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All the Things That You Can Do With Jus Cogens: : A Pragmatic Approach to Legal Language

Linderfalk, Ulf LU (2013) In German Yearbook of International Law 56. p.351-386
Abstract
Investigating the meaning of conceptual terms is an important task for international legal scholars. In the analysis of the usage of conceptual terms in international legal discourse, traditionally, most international lawyers have confined studies to the descriptive meaning of those terms. They have assumed that conceptual terms describe a relationship between, on the one hand, the particular properties identifying a particular phenomenon or state of affairs as one that belongs to the extension of a particular concept, and on the other hand, the legally relevant inferences ensuing from the categorisation. While this theory works reasonably well as long as studies are confined to the meaning of conceptual terms in law, it is ill-suited for... (More)
Investigating the meaning of conceptual terms is an important task for international legal scholars. In the analysis of the usage of conceptual terms in international legal discourse, traditionally, most international lawyers have confined studies to the descriptive meaning of those terms. They have assumed that conceptual terms describe a relationship between, on the one hand, the particular properties identifying a particular phenomenon or state of affairs as one that belongs to the extension of a particular concept, and on the other hand, the legally relevant inferences ensuing from the categorisation. While this theory works reasonably well as long as studies are confined to the meaning of conceptual terms in law, it is ill-suited for any similar study of international legal discourse. In the search for possible alternatives, this article adopts instead a pragmatic approach to legal language. More specifically, it equates the meaning of a conceptual term with its functionality, that is, with what the uttering of a conceptual term potentially does to the beliefs, attitudes, and behaviour of participants in international legal discourse. The investigation proceeds in two steps. As Section II argues, a functionality-based theory of meaning suggests a method (referred to throughout the article as functionality analysis) that can be used for the analysis of international legal discourse. Sections III, IV and V illustrate the ramifications of functionality analysis by applying it relative to the usage of one particular conceptual term, namely jus cogens. (Less)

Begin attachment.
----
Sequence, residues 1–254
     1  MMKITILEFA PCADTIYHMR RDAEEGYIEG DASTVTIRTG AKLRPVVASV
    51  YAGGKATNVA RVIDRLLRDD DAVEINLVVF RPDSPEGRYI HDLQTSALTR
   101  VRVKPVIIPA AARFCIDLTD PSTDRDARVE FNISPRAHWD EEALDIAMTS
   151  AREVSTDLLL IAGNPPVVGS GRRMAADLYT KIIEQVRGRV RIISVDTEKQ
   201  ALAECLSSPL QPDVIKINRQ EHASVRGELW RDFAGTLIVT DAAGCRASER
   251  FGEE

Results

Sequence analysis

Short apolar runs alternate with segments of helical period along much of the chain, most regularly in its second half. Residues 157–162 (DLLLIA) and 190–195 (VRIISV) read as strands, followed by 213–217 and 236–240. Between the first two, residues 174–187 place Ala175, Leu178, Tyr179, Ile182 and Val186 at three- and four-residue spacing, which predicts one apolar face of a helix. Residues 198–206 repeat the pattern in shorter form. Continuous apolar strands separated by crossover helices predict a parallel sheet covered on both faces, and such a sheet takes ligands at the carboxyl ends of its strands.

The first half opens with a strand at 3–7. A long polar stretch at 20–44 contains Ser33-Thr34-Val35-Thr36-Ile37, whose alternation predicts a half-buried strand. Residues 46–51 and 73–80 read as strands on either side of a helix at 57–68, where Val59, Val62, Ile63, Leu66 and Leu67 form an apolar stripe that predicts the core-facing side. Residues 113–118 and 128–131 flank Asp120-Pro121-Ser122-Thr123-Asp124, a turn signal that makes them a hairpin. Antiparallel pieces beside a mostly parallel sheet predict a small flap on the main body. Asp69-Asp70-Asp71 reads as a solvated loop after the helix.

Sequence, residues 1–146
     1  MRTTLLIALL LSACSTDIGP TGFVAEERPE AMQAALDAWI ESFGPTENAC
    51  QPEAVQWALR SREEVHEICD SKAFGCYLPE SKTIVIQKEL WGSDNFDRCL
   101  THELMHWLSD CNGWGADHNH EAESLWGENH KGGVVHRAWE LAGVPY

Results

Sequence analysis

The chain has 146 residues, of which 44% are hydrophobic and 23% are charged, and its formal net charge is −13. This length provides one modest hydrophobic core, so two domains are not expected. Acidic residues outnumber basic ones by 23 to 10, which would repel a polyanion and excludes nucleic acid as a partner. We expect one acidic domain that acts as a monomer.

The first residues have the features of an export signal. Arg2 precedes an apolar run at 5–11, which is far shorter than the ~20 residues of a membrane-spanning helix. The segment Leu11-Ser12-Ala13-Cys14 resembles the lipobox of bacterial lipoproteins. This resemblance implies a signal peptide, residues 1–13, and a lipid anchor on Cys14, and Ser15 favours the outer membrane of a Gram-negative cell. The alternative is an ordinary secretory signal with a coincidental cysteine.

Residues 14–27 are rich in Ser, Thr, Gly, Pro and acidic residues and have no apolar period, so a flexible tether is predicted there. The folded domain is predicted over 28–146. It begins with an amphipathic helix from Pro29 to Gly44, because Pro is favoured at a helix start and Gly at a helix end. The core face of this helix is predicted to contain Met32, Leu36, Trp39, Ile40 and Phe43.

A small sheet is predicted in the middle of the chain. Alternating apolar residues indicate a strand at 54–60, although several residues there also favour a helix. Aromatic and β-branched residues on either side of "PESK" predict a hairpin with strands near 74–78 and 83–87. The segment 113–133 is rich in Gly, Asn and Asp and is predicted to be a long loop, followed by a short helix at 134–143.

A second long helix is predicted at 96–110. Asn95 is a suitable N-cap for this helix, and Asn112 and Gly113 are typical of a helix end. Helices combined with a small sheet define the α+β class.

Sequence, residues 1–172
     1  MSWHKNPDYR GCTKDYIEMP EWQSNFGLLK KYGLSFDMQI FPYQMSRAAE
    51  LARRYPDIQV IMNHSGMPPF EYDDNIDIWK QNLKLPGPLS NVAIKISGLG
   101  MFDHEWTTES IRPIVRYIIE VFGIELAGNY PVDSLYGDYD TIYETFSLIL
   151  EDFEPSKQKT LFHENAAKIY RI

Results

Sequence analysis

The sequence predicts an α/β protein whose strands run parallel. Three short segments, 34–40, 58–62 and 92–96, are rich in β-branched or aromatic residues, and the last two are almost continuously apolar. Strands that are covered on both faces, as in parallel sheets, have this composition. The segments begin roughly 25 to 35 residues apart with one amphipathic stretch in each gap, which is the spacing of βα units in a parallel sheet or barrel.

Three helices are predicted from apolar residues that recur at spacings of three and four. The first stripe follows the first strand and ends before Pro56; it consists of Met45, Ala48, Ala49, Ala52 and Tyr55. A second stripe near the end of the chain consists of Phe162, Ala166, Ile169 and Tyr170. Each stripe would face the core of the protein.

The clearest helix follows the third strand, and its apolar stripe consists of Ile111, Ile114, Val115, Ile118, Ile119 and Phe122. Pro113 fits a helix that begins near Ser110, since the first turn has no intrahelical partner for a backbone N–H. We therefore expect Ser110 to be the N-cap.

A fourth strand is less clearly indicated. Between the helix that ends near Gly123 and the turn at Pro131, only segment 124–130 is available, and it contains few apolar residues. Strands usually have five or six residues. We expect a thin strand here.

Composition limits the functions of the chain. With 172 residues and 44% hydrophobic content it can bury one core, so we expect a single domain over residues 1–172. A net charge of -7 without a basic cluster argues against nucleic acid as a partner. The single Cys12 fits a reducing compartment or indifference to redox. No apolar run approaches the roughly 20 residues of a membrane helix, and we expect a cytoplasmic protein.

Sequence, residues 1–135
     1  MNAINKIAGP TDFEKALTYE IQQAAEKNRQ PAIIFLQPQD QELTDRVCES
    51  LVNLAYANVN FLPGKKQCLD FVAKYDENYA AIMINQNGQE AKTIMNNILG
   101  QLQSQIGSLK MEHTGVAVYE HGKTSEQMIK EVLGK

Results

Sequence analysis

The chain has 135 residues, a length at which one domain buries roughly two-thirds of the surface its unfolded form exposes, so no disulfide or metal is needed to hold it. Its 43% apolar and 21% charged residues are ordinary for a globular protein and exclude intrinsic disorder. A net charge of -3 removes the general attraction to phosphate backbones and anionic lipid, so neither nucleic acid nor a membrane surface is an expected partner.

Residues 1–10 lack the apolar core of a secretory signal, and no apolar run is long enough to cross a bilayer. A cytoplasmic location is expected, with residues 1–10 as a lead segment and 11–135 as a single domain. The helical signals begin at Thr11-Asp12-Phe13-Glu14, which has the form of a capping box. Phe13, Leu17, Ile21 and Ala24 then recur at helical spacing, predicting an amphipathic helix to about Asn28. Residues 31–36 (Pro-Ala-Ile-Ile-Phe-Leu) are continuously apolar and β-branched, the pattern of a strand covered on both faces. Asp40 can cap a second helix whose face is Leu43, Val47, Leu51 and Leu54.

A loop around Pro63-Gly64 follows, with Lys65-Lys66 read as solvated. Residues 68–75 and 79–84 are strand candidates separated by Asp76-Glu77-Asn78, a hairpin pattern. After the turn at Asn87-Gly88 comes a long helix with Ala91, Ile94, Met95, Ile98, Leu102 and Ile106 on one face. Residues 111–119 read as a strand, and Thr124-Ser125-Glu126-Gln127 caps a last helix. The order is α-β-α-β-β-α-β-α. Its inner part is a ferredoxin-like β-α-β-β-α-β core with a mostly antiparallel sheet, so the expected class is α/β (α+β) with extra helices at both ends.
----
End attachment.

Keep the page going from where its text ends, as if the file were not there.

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author
organization
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Contribution to journal
publication status
published
subject
keywords
folkrätt, public international law, Conceptual Terms, Concepts, International Legal Discourse, Jus Cogens, Legal Meaning, Peremptory International Law, Pragmatics
in
German Yearbook of International Law
volume
56
pages
351 - 386
publisher
Institut für Internationales Recht an der Universität Kiel
ISSN
0344-3094
language
English
LU publication?
yes
id
f45c33b9-696a-4ac9-946d-51cf373bb605 (old id 3631879)
date added to LUP
2016-04-01 14:36:36
date last changed
2018-12-13 11:21:20
@article{f45c33b9-696a-4ac9-946d-51cf373bb605,
  abstract     = {Investigating the meaning of conceptual terms is an important task for international legal scholars. In the analysis of the usage of conceptual terms in international legal discourse, traditionally, most international lawyers have confined studies to the descriptive meaning of those terms. They have assumed that conceptual terms describe a relationship between, on the one hand, the particular properties identifying a particular phenomenon or state of affairs as one that belongs to the extension of a particular concept, and on the other hand, the legally relevant inferences ensuing from the categorisation. While this theory works reasonably well as long as studies are confined to the meaning of conceptual terms in law, it is ill-suited for any similar study of international legal discourse. In the search for possible alternatives, this article adopts instead a pragmatic approach to legal language. More specifically, it equates the meaning of a conceptual term with its functionality, that is, with what the uttering of a conceptual term potentially does to the beliefs, attitudes, and behaviour of participants in international legal discourse. The investigation proceeds in two steps. As Section II argues, a functionality-based theory of meaning suggests a method (referred to throughout the article as functionality analysis) that can be used for the analysis of international legal discourse. Sections III, IV and V illustrate the ramifications of functionality analysis by applying it relative to the usage of one particular conceptual term, namely jus cogens.},
  author       = {Linderfalk, Ulf},
  issn         = {0344-3094},
  language     = {eng},
  pages        = {351--386},
  publisher    = {Institut für Internationales Recht an der Universität Kiel},
  series       = {German Yearbook of International Law},
  title        = {All the Things That You Can Do With Jus Cogens: : A Pragmatic Approach to Legal Language},
  volume       = {56},
  year         = {2013},
}